Penny-pinching budget targets lawmakers

Cutting government spending often entails cutting the bureaucracy and programs, but Gov. Arnold Schwarzenegger’s latest budget goes one step further: It includes a 10 percent cut in the Legislature’s spending. The governor is wielding his budget ax on the very people whose approval he needs to get his budget passed.

The governor’s own office also plans to take a 10 percent hit, although the real impact of such a reduction is not easily computed, because many of the governor’s key people receive salary increases from political campaign funds, which is legal. According to the Department of Finance, the agency that drafts the governor’s budget, staffing at the governor’s office suite has remained steady at 185 positions since 2005, but the budget for the office has risen from $18.1 million in 2005 to $19.6 million in 2007. An immediate 10 percent cut would reduce the current year’s budget to just under what it was in 2005.

The Legislature’s budget has also risen significantly in recent years. This year, the Legislature’s total budget was $256.5 million, about $37 million more than it was two years ago. An immediate 10 percent cut would reduce the budget to about $230 million, which is almost exactly what it was in 2005. Assembly Speaker Fabian Núñez said this week that his house would voluntarily accept a 10 percent cut; the Senate had not decided as of Thursday but said it would not force others to accept any cuts that it wasn’t willing to face itself. “The Senate would not contemplate any cuts to programs that we wouldn’t first impose on ourselves,” said Alicia Trost, a spokeswoman for Senate leader Don Perata, D-Oakland.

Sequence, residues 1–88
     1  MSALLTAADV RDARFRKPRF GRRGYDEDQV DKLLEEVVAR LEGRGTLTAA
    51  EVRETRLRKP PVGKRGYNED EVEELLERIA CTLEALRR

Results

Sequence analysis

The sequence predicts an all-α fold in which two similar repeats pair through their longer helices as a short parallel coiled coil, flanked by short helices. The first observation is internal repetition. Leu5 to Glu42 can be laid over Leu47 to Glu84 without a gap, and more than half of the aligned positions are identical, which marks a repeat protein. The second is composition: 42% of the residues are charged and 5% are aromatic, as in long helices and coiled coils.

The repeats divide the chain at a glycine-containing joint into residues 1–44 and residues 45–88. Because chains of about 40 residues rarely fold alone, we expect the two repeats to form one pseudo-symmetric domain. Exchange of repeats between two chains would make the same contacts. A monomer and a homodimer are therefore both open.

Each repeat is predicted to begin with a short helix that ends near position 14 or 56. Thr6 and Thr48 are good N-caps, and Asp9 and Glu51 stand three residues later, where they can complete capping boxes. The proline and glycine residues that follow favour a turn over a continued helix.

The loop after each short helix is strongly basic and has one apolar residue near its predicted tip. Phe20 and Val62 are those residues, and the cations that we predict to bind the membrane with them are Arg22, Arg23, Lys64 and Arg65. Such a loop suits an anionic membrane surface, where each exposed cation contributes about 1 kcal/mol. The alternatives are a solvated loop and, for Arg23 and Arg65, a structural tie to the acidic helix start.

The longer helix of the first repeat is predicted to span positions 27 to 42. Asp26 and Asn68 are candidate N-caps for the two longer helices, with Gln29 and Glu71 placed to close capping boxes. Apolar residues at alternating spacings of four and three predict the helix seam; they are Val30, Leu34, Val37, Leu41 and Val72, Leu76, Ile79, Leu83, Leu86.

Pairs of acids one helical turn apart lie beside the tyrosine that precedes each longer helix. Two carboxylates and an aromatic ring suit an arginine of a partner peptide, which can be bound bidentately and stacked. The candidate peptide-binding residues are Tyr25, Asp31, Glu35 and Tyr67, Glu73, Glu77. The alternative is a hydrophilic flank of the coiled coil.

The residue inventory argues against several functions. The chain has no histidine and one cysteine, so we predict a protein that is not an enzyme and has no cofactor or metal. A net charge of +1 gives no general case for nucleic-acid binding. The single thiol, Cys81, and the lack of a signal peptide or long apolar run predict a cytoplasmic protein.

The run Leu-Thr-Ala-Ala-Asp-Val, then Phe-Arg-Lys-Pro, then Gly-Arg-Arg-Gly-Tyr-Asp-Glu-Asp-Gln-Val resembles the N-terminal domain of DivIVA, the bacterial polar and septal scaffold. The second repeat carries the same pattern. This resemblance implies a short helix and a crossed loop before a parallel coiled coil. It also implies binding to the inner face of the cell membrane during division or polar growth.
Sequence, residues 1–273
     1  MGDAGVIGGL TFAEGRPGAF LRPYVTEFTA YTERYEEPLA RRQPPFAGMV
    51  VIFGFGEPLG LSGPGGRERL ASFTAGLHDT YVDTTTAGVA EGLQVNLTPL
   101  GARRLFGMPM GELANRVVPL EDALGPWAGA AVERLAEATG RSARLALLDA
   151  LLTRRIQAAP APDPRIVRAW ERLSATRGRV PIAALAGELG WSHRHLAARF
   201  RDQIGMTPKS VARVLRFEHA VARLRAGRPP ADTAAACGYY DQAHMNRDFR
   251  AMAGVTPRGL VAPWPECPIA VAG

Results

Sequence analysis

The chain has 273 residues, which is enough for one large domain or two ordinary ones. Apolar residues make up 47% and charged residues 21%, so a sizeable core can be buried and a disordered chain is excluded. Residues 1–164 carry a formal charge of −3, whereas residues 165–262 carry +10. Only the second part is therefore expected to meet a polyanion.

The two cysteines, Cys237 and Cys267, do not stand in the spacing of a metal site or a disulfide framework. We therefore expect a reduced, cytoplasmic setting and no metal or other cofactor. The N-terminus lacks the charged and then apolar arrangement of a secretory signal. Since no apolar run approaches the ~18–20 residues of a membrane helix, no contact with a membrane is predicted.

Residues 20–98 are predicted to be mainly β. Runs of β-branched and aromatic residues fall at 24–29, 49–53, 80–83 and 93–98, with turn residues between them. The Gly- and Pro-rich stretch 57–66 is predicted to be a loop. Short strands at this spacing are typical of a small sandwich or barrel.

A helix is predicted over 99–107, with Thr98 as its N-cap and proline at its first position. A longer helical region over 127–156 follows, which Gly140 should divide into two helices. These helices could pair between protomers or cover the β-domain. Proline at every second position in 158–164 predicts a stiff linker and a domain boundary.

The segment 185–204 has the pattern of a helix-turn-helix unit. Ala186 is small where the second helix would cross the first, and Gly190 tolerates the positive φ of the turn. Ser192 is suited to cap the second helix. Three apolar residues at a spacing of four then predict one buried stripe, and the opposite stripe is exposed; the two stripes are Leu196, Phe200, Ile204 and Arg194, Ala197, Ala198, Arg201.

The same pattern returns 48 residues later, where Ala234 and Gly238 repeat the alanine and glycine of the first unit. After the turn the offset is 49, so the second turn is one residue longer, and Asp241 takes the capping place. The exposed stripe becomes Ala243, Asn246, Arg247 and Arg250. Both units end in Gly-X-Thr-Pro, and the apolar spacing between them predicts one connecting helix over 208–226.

The governor’s office did not publicly discuss the proposed 10 percent cut, although on Wednesday — the day before the governor was scheduled to unveil his budget — it was the talk of both houses. “I hadn’t heard about, but I asked them (fiscal experts) and they said they knew all about it. They’re all taking about it,” one staff member said.

Even with deep cuts, reaching a $14 billion target would be difficult, Núñez noted. “If there’s a $14 billion deficit, you could close every one of the state’s public universities and still be nowhere close. You could kick every MediCal patient out of their nursing homes and still be nowhere close. You could shutter nutrition programs for every child that needs them and still be nowhere close.

In fact, you could take all of those steps together and still face a serious budget gap,” Núñez said.

Perata also was blunt: “Advocating automatic cuts but failing to establish priorities and how to fund them is political expediency at its best and political leadership at its worst,” he said.

It also wasn’t clear whether cutting the legislative budget was easily done. The legislative budget’s growth is limited to about 6 percent annually, under the voter-approved ballot initiative of 1990 that cut spending and lawmakers’ terms. Does that mean a 10 percent cut actually would be 4 percent — stopping the planned increase plus 4 percent more? “Who knows what the methodology is,” one Senate staff member said.

“I think that (a 10 percent cut) is reasonable, but the legislative budget is set up under a separate proposition. But it is certainly reasonable to ask everyone to cut expenses, although there are some things you can’t cut,” said Senate Republican Leader Dick Ackerman. “You can’t cut debt service. One other thing I would probably spare is the judiciary. We put them under a separate funding formula.”

“Another area is Corrections,” Ackerman added. “We disagree with the proposal for the early release of inmates. I don’t know whether you can get a 10 percent cut in Corrections.”

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